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Research Article

Psychometrische En Elektrodermale Aspecten Van Het Illusionaire Correlatie-Fenomeen: Enkele Paradoxale Gegevens

Authors:

Harald Merckelbach ,

Postbus 616 NL-6200 MD Maastricht, NL
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Marcel A. Van Den Hout,

Postbus 616 NL-6200 MD Maastricht, NL
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Peter De Jong

Postbus 616 NL-6200 MD Maastricht, NL
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Abstract

[Psychometric and Electrodermal Aspects of Illusory Correlations: Paradoxal Results]

 

Recent studies by Mincka and Tomarken (1989) show that high-fear subjects tend to overestimate the covariation of fear-relevant stimuli and aversive outcomes, i.e., report an illusory correlation. These authors suggest that illusory correlations play a crucial role in the etiology and maintenance of anxiety disorders. Yet, the fact that high-fear subjects report illusory correlations does not necessarily imply that illusory correlations predispose to or maintain anxiety. To clarify this issue, an experiment (N = 24) was carried out in which normal, unselected subjects were confronted with a quasi-random series of three types of stimuli (snake or spider, mushroom, and flower). Stimuli were followed an equal number of times by three types of outcomes (tone, electric shock, nothing). Electrodermal reactions (SCRs) to the stimuli were recorded trough-out the experiment which contained 27 trials. Post hoc, subjects were asked to give conditional probability-estimates of all stimulus/outcome combinations. Two groups were then formed. One group (n = 10) consisted of subjects who reported an illusory correlation. The second group (n = 14) consisted of the remaining subjects. The illusory correlation-group displayed an overestimation only for the snake (spider)/shock association. Surprisingly enough, subjects in this group had significantly lower FQ scores and tended to have lower SCRs to snakes (spiders) than control subjects. It is hypothesized that the association between anxiety and illusory correlation is either positive or negative depending on the number of trials, with a small number of trials resulting in a negative association (due to hypervigilance of high-fear subjects) and a large number of trials resulting in a positive association (due to strong apriori judgments of these subjects). Alternative interpretations of the present pattern of results are discussed.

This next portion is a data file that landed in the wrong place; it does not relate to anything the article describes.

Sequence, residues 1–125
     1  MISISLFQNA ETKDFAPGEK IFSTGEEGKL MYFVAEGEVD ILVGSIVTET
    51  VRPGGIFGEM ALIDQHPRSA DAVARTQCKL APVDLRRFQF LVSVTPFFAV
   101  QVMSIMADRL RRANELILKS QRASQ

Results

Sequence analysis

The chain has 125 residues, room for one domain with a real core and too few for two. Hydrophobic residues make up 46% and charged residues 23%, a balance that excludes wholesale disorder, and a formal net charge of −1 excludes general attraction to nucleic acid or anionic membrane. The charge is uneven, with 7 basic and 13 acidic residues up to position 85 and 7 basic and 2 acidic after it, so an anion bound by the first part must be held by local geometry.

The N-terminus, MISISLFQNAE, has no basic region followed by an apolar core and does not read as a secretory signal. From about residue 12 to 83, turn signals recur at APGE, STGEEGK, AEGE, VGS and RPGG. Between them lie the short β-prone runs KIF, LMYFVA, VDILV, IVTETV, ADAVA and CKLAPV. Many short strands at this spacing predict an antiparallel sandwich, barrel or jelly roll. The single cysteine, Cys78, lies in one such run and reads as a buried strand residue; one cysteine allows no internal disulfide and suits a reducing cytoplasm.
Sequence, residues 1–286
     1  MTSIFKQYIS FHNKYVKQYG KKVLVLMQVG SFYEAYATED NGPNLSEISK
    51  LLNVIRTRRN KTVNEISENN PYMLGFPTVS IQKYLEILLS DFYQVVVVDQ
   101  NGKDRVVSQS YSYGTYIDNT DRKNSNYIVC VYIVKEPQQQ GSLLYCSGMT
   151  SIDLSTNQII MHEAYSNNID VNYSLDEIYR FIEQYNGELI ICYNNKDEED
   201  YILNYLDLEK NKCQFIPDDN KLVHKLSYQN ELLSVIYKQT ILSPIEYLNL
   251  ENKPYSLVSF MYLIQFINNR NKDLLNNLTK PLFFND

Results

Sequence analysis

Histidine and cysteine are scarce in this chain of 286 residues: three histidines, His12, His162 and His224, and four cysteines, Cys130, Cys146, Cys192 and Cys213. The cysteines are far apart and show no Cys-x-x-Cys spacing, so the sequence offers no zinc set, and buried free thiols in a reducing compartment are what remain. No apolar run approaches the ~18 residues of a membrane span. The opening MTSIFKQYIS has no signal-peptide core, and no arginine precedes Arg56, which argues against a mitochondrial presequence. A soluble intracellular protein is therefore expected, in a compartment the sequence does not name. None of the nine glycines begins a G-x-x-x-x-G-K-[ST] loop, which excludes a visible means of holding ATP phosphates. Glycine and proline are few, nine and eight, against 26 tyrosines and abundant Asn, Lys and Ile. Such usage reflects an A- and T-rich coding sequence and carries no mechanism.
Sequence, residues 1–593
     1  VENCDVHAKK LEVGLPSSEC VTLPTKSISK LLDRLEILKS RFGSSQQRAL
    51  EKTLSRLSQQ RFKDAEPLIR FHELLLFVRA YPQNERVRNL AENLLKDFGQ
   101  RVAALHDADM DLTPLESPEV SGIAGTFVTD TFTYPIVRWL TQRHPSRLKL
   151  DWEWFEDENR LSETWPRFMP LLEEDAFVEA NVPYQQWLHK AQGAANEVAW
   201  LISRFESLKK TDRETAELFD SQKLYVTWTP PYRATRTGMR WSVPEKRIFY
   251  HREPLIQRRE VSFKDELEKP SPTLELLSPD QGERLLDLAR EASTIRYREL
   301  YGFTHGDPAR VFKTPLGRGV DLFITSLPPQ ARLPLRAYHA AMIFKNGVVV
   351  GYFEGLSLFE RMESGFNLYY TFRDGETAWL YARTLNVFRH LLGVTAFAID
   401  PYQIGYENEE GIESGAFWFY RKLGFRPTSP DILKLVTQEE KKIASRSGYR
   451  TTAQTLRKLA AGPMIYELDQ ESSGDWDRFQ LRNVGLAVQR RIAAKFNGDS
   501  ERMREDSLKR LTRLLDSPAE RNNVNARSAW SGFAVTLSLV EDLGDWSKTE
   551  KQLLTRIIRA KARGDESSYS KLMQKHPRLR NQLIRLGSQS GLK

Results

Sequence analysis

How to Cite: Merckelbach, H., Van Den Hout, M.A. and De Jong, P., 1989. Psychometrische En Elektrodermale Aspecten Van Het Illusionaire Correlatie-Fenomeen: Enkele Paradoxale Gegevens. Psychologica Belgica, 29(2), pp.135–148. DOI: http://doi.org/10.5334/pb.794
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Published on 01 Jan 1989.
Peer Reviewed

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